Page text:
Original Research

Cognitive functioning and associated factors in older adults in South Africa

K Peltzer, N Phaswana-Mafuya
South African Journal of Psychiatry | Vol 18, No 4 | a368 | DOI: https://doi.org/10.4102/sajpsychiatry.v18i4.368 | © 2012 K Peltzer, N Phaswana-Mafuya | This work is licensed under CC Attribution 4.0
Submitted: 09 June 2012 | Published: 01 December 2012

About the author(s)

K Peltzer, HIV/AIDS/SIT and TB (HAST), Human Sciences Research Council, Pretoria, and Department of Psychology, University of Limpopo, Turfloop, South Africa
N Phaswana-Mafuya, HIV/AIDS/SIT and TB (HAST), Human Sciences Research Council, Pretoria, and Office of the Deputy Vice Chancellor, Nelson Mandela Metropolitan University, Port Elizabeth, South Africa

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Objective. To investigate cognitive functioning and associated factors in a national probability sample of older South Africans who participated in the Study of Global AGEing and Adult Health (SAGE) in 2008.

Methods. In 2008 we conducted a national population-based cross-sectional study with a sample of 3 840 adults aged ≥50 years in South Africa. We administered a questionnaire surveying socio-demographic characteristics, health variables, and anthropometric and blood pressure measurements. Multivariate regression analyses were used to assess the association of socio-demographic factors and health variables with cognitive functioning.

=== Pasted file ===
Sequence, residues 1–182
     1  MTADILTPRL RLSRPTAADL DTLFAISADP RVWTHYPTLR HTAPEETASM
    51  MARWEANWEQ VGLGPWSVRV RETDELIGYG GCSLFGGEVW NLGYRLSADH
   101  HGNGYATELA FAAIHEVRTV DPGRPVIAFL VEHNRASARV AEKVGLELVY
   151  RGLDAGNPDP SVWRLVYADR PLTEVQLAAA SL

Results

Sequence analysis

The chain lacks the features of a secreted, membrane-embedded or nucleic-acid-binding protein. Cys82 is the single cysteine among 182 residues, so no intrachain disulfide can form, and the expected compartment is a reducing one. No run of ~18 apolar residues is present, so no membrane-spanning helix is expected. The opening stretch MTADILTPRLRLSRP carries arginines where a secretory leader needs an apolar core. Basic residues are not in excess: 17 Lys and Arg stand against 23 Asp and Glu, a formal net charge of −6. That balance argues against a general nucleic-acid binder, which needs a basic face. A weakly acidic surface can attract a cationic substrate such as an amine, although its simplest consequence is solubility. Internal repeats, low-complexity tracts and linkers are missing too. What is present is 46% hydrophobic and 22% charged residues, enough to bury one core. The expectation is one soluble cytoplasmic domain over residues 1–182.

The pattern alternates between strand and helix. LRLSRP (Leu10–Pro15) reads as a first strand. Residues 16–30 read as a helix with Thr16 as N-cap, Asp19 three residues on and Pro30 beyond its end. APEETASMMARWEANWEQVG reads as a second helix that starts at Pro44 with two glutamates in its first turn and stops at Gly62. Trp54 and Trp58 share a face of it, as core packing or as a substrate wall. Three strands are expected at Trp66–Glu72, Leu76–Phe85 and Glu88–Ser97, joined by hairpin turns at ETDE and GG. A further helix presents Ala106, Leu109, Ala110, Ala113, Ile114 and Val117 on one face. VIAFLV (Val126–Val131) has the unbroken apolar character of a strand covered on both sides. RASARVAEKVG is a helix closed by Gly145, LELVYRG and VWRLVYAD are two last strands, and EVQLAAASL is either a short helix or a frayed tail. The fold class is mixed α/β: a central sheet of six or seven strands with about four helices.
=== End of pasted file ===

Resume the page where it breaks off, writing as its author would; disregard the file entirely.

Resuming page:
Results. Mean variables in the sample were: 5.9 recalled words, a verbal fluency of 9.9 words in a specified category (animals), a forward and backward digit span of 5.2 and 3.2, respectively, and an overall mean cognition score of 48.5. Higher overall cognitive functioning (a combination of memory and executive functioning) was positively associated with: younger age; white, Indian/Asian or coloured ethnicity; being married; a higher level of education; greater wealth; a higher level of physical activity; a greater quality of life; and a better subjective health status.

Conclusions. Our findings can be used to refine future projections of cognitive function and healthcare needs in ageing middle-income societies such as those in South Africa.


Cognitive functioning; associated factors; older adults; South Africa; WHO SAGE


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